Sidley & Austin had been long time outside counsel to Commonwealth Edison. The senior Sidley partner who was Comm Ed's key outside counsel, Howard Trienens, was a member of the board of trustees of Northwestern alongside Tom Ayers (and Sidley partner Newton Minow, too). It turns out, Bernardine Dohrn worked at Sidley also. She was hired there in the late 80s, because of the intervention of her father-in-law Tom Ayers, even though she was (and is) not a member of any state bar.

Dohrn was not admitted in either NY or Illinois because of her past jail time for refusing to testify about the murderous 1981 Brinks robbery in which her former Weather Underground (now recast as the "Revolutionary Armed Task Force") "comrades," including Kathy Boudin (biological mother of Chesa Boudin, who was raised by Ayers and Dohrn) participated. She was finally paroled after serving 22 years of a plea bargained single 20-to-life sentence for her role in the robbery where a guard was shot and killed and two police officers were killed. The father of Chesa Boudin, David Gilbert, was sentenced to 75-to-life, with no chance of parole, after a trial in which he refused to participate. Chesa is the co-author of a recent apologia for the regime of Venezuelan "left" strong man, Hugo Chavez.

Trienens recently explained his unusual decision to hire Dohrn, who had never practice law and had graduated from law school (before going on her bombing spree) 17 years before in 1967) to The Chicago Tribune saying, "We sometimes hire friends."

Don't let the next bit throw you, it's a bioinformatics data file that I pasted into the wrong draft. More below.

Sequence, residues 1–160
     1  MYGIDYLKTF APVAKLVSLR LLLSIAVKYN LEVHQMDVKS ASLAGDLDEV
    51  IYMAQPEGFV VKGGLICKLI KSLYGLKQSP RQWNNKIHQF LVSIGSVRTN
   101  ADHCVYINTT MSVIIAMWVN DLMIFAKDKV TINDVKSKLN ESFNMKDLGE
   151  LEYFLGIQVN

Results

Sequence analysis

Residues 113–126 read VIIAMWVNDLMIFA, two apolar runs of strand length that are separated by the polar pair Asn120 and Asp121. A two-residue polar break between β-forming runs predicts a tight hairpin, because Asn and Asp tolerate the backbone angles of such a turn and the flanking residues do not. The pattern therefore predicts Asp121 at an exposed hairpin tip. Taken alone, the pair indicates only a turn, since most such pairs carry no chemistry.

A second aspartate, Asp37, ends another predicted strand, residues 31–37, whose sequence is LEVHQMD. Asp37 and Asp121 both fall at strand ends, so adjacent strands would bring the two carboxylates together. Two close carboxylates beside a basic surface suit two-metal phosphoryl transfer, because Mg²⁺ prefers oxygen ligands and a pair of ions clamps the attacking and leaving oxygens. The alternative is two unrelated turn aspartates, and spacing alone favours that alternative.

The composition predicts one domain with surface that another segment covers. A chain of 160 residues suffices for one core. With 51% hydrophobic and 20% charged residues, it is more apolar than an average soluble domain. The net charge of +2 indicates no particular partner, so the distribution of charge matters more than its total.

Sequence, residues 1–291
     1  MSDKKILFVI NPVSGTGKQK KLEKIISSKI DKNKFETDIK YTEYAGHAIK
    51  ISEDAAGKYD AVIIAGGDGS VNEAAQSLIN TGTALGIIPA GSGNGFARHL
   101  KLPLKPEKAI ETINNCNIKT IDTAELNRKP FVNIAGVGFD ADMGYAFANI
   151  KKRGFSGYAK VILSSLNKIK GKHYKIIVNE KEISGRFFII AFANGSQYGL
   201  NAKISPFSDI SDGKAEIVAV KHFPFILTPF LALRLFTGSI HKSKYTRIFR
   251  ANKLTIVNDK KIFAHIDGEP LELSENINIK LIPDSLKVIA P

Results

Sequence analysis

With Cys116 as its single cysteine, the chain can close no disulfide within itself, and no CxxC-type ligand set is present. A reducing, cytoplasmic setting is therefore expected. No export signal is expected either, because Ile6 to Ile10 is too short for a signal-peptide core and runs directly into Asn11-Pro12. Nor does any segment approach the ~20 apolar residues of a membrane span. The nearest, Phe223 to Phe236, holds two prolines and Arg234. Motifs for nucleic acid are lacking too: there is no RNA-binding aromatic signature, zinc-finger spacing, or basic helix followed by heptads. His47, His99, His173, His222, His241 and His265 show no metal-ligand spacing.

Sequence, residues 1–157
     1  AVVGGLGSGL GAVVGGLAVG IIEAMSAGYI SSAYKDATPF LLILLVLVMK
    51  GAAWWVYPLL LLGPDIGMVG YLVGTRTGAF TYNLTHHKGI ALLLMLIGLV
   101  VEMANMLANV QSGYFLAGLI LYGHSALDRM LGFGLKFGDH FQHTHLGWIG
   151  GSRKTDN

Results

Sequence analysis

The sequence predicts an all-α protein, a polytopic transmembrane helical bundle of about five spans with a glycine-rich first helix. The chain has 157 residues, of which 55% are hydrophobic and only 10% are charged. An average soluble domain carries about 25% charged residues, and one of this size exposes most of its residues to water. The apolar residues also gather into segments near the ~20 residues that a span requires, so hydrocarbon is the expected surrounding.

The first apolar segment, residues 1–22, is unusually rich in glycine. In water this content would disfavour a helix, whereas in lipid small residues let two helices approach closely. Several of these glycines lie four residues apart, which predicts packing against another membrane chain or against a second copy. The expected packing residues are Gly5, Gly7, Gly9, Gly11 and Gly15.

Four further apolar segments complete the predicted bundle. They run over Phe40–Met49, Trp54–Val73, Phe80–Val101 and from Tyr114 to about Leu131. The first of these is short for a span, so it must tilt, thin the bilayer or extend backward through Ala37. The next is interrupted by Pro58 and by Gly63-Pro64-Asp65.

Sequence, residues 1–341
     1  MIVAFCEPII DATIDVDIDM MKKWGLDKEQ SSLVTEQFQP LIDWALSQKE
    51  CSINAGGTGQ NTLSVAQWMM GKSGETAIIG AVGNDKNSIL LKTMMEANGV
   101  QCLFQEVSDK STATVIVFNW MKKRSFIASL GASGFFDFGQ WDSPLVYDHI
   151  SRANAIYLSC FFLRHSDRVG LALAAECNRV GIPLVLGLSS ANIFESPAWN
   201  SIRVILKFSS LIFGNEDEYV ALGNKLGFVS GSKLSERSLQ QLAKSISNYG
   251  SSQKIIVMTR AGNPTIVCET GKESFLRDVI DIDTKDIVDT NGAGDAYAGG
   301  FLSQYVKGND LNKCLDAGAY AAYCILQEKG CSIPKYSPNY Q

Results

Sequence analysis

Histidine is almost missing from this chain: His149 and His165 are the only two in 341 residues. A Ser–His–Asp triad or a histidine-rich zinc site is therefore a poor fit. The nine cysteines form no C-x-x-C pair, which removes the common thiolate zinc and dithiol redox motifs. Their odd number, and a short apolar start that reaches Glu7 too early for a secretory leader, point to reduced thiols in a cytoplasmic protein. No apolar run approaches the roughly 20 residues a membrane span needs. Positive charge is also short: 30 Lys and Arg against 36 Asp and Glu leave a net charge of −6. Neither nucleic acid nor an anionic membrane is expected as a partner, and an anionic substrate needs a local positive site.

I give a tip of the hat to TownHall columnist Mary Grabar for providing me with the link to Steve Diamond's blog.

I hope Kowalski will read and comment on this diary as I think he probably has additional anecdotal knowledge about professors and trustees at Northwest University. The supporters of Barack will try to paint me and others who bring up the established relationships between Barack and radical Marxist terrorists as being racist and bigoted. I reject the premise of their portrayal that I'm a bigot and racist for calling these relationships to folks attention. This vote coming up in November to elect the next POTUS is extremely important. When you go into the booth to cast your vote you need to be armed with an answer to the question... Who sent me this candidate on this ballot?